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WILL/TRUST 27: Unsuitable Personal Representative

R executed a will that left the entirety of his estate to his son, C, who was a minor at the time. The will designated J to serve as the personal representative of the estate. After R’s death, C filed a petition for formal administration seeking, in relevant part, an order admitting R’s will to probate and appointing his mother, B, to serve as the personal representative of the estate.

Petition Hearing

At the hearing on C’s petition, his counsel presented several arguments regarding J’s unsuitability to serve as personal representative and B’ suitability. C’s counsel explained that R’s estate consisted solely of two pieces of real estate. Both parcels were residences and were encumbered by large loans that R had taken out shortly before he died. C had lived on one of the properties with R before his death, and C wished to continue living there. To do so, however, he would have to refinance the loans. B had already begun negotiating the refinancing of the loans with the bank, and she was willing to serve as personal representative without compensation.

Unsuitable Personal Representative

By contrast, J’s appointment as personal representative would create administrative fees that almost certainly would require the sale of at least one of the estate’s properties. J’s counsel argued that the probate court should honor R’s intent, as expressed in his will, and emphasized J’s priority of appointment under MCL 700.3203.

After hearing arguments from both sides, the probate court found J unsuitable and B suitable; and thus, it appointed B as personal representative of R’s estate.

Priority of Appointment

An individual designated as personal representative in a decedent’s will has priority of appointment unless he or she is disqualified or subject to a specified exception.

Formal Proceeding

J is correct that she would generally have priority under MCL 700.3203(1)(a) because in 2007, R designated her as personal representative in his will. She is incorrect, however, to the extent she argues that the probate court departed from the statute by considering her suitability for the appointment. An individual may be disqualified from serving as personal representative if a probate court finds that individual is unsuitable in formal proceedings.

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MICHIGAN REAL ESTATE 95: Property owners did not place a condition upon the delivery of the deed; rather, they delivered the deed to themselves.

When the delivery of a deed is contingent upon the happening of some future event, title to the subject property will not transfer to the grantee until the event has occurred. However, in this case A and J did not place a condition upon the delivery of the deed; rather, they delivered the deed to themselves, then deposited the deed with their attorney with the instruction to record the deed only upon the happening of a future event, thereby placing a condition only upon the recording of the deed.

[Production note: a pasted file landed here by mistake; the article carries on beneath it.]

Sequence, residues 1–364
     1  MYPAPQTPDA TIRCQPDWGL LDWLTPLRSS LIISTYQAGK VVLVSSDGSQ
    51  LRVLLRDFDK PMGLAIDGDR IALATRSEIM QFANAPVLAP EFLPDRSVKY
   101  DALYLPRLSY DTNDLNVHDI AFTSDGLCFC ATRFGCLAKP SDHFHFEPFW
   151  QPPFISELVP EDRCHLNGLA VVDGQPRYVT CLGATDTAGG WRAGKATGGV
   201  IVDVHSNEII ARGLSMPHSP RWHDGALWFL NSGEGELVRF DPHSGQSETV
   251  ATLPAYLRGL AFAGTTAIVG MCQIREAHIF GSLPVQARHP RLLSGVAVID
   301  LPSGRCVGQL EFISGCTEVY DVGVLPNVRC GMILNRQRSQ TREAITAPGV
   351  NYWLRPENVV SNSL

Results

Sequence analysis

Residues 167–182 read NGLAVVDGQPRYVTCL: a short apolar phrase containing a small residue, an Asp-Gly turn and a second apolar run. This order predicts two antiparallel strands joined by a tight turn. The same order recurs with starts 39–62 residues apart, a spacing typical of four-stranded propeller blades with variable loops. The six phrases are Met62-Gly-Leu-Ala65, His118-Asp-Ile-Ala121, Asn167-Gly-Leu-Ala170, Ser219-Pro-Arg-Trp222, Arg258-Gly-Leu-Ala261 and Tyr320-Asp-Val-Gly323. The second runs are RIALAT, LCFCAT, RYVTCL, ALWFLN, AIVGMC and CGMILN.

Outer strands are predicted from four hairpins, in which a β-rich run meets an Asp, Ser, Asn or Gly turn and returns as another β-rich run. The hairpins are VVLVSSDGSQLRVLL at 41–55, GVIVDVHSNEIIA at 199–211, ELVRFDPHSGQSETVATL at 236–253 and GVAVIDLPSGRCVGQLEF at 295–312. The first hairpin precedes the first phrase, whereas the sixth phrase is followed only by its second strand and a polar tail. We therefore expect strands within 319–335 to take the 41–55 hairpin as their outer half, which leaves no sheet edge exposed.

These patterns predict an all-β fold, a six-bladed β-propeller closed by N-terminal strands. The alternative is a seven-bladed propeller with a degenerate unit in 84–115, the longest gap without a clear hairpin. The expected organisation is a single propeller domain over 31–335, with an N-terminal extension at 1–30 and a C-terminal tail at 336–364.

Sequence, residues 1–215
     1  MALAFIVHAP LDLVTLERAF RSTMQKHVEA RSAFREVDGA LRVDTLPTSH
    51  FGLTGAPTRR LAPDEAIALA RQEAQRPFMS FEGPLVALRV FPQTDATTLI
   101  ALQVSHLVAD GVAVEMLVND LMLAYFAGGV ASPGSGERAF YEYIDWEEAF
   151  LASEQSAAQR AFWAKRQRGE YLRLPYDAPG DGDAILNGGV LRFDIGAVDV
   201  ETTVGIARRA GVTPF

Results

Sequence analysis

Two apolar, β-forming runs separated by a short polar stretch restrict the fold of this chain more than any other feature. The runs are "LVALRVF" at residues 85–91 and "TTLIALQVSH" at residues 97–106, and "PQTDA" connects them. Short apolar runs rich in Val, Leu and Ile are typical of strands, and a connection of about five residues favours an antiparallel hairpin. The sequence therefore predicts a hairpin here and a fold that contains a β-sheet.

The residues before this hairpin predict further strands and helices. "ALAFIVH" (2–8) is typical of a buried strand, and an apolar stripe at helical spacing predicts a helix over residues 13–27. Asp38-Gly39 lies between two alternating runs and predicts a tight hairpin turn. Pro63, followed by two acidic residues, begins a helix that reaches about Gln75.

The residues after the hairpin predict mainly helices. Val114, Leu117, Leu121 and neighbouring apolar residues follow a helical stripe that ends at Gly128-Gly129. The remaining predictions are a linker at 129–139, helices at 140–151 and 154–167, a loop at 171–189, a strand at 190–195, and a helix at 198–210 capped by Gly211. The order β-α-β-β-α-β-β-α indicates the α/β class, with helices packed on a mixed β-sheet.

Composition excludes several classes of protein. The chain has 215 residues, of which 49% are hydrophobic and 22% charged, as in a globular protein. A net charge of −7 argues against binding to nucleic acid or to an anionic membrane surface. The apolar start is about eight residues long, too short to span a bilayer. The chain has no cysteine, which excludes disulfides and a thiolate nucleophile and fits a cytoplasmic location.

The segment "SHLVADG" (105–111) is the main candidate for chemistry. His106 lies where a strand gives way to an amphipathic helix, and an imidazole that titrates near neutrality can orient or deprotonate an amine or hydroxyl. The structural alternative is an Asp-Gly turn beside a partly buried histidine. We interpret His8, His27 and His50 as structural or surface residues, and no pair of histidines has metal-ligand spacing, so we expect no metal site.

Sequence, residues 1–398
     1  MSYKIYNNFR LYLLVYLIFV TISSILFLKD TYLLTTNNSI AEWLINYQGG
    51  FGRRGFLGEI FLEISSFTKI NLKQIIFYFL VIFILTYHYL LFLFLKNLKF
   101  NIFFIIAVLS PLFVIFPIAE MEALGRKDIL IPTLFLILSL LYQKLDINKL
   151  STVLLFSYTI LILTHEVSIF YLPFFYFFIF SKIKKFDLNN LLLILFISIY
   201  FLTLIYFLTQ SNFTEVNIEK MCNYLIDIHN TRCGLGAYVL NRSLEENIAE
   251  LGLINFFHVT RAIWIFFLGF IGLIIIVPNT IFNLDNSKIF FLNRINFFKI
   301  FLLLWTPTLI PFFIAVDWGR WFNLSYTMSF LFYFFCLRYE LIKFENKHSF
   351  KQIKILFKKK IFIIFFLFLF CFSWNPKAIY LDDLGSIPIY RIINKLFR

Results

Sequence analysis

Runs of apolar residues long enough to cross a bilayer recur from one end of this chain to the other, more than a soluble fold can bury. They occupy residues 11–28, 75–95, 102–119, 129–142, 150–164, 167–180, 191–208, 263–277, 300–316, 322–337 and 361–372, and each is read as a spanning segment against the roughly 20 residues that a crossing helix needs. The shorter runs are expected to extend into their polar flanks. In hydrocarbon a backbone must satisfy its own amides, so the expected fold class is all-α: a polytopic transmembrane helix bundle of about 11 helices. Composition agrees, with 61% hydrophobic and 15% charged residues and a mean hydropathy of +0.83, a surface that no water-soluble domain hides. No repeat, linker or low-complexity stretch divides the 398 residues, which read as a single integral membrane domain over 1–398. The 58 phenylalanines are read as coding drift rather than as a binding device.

MICHIGAN PROBATE 57: Brother granted permanent guardianship of siblings.

At a multiday hearing to address the extension of the guardianship, the eldest children, the mother’s relatives and friends, and school personnel testified regarding the mother’s care of the children, appellant’s treatment of and interaction with the children, and the eldest siblings’ role in aiding the mother to raise the children.

FAMILY LAW 88: The trial court found that the children did not have an established custodial environment with defendant because, before the separation, he did not have a large role in the children’s lives.

The trial court credited plaintiff’s testimony that, before the parties’ separation, defendant spent minimal time helping to care for the children, so its finding that the children would not have looked to defendant for guidance, discipline, the necessities of life, and parental comfort during that time was not against the great weight of the evidence.

REAL ESTATE 89: RM had not included any language in the deed providing that the property was a joint tenancy with full rights of survivorship, the property instead became a tenancy in common.

RM drafted the deed without seeking counsel and mistakenly believed that, if either she or FK died, the property would fully pass to the surviving tenant. FK’s will provided that if his wife predeceased him—which she did—the personal representative of his estate should sell any residual property that he owned and divide the cash proceeds equally among his surviving children.

FAMILY LAW 83: A trial court can terminate a parent’s rights and permit a stepparent to adopt a child.

A trial court has discretion to terminate a parent’s rights and permit a stepparent to adopt a child when the conditions of MCL 710.51(6) are met. MCL 710.51(6)(b) requires the petitioner to establish that the other parent had the ability to visit, contact, or communicate with the children, and substantially failed or neglected to do so for a period of two years.

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